Chapter 15 Conclusion
Like the introduction, this concluding chapter contains few code chunks. But its prerequisites are demanding. It assumes that you have:
- read through and attempted the exercises in all the chapters of Part I (Foundations);
- considered how you can use geocomputation to solve real-world problems, at work and beyond, after engaging with Part III (Applications).
The aim of this chapter is to synthesize the contents, with reference to recurring themes/concepts, and to inspire future directions of application and development. Section 15.2 discusses the wide range of options for handling geographic data in R. Choice is a key feature of open source software; the section provides guidance on choosing between the various options. Section 15.3 describes gaps in the book’s contents and explains why some areas of research were deliberately omitted, while others were emphasized. This discussion leads to the question (which is answered in Section 15.4): having read this book, where to go next? Section 15.5 returns to the wider issues raised in Chapter 1. In it we consider geocomputation as part of a wider ‘open source approach’ that ensures methods are publicly accessible, reproducible and supported by collaborative communities. This final section of the book also provides some pointers on how to get involved.
15.2 Package choice
A characteristic of R is that there are often multiple ways to achieve the same result. The code chunk below illustrates this by using three functions, covered in Chapters 3 and 5, to combine the 16 regions of New Zealand into a single geometry:
Although the classes, attributes and column names of the resulting objects
nz_u3 differ, their geometries are identical.
This is verified using the base R function
Which to use?
It depends: the former only processes the geometry data contained in
nz so is faster, while the other options performed attribute operations, which may be useful for subsequent steps.
The wider point is that there are often multiple options to choose from when working with geographic data in R, even within a single package. The range of options grows further when more R packages are considered: you could achieve the same result using the older sp package, for example. We recommend using sf and the other packages showcased in this book, for reasons outlined in Chapter 2, but it’s worth being aware of alternatives and being able to justify your choice of software.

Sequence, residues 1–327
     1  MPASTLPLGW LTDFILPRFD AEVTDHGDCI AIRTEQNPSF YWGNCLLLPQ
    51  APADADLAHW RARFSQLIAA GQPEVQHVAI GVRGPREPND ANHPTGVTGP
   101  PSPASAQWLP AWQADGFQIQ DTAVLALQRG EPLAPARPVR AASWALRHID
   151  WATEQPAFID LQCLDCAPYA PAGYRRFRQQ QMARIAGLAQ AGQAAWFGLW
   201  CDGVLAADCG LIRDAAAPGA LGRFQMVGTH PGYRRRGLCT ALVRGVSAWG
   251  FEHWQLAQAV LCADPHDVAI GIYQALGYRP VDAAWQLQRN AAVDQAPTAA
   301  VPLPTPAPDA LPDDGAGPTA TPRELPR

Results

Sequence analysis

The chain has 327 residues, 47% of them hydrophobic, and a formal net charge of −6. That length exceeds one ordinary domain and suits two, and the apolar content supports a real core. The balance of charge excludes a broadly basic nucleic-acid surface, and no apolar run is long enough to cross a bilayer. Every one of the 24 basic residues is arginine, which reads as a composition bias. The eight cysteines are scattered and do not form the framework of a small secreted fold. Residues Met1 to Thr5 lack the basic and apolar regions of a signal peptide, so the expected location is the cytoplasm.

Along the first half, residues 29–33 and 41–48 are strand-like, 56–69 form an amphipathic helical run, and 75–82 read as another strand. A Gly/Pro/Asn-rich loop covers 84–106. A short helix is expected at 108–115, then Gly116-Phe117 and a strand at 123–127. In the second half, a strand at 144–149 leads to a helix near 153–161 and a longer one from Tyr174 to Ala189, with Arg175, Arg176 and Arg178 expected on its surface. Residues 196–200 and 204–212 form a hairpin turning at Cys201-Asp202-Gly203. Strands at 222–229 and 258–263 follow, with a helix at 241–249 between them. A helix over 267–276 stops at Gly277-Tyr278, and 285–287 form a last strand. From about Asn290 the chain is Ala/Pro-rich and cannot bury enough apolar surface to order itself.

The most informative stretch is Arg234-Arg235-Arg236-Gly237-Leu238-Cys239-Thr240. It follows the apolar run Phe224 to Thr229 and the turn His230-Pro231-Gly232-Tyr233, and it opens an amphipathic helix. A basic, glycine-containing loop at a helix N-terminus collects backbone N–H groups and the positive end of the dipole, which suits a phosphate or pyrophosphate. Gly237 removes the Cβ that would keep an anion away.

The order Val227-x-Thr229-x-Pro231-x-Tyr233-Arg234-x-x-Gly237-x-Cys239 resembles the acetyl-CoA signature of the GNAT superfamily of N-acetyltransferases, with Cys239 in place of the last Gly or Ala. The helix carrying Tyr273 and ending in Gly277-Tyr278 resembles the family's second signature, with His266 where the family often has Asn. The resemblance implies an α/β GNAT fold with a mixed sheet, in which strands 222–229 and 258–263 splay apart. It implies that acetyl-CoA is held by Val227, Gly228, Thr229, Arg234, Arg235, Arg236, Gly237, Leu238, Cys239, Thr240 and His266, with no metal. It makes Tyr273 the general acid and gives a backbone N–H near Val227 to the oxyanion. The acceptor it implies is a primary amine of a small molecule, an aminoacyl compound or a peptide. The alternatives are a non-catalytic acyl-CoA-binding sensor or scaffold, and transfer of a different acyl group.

A common (and sometimes controversial) choice is between tidyverse and base R approaches.
We cover both and encourage you to try both before deciding which is more appropriate for different tasks.
The following code chunk, described in Chapter 3, shows how attribute data subsetting works in each approach, using the base R operator
[ and the
select() function from the tidyverse package dplyr.
The syntax differs but the results are (in essence) the same:
Again the question arises: which to use?
Again the answer is: it depends.
Each approach has advantages: the pipe syntax is popular and appealing to some, while base R is more stable, and is well known to others.
Choosing between them is therefore largely a matter of preference.
However, if you do choose to use tidyverse functions to handle geographic data, beware of a number of pitfalls (see the supplementary article
tidyverse-pitfalls on the website that supports this book).
While commonly needed operators/functions were covered in depth — such as the base R
[ subsetting operator and the dplyr function
filter() — there are many other functions for working with geographic data, from other packages, that have not been mentioned.
Chapter 1 mentions 20+ influential packages for working with geographic data, and only a handful of these are demonstrated in subsequent chapters.
There are hundreds more.
As of early 2019, there are nearly 200 packages mentioned in the Spatial Task View;
more packages and countless functions for geographic data are developed each year, making it impractical to cover them all in a single book.